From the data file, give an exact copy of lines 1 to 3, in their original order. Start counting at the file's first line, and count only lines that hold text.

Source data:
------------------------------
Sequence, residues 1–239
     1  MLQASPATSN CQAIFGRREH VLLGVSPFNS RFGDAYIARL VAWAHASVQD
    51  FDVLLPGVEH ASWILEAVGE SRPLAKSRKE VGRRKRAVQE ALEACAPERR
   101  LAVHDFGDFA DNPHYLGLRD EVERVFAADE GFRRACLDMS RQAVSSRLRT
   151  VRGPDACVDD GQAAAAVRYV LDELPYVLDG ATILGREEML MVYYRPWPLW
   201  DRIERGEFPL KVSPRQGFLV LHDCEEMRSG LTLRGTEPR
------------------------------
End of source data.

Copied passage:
Sequence, residues 1–239
     1  MLQASPATSN CQAIFGRREH VLLGVSPFNS RFGDAYIARL VAWAHASVQD
    51  FDVLLPGVEH ASWILEAVGE SRPLAKSRKE VGRRKRAVQE ALEACAPERR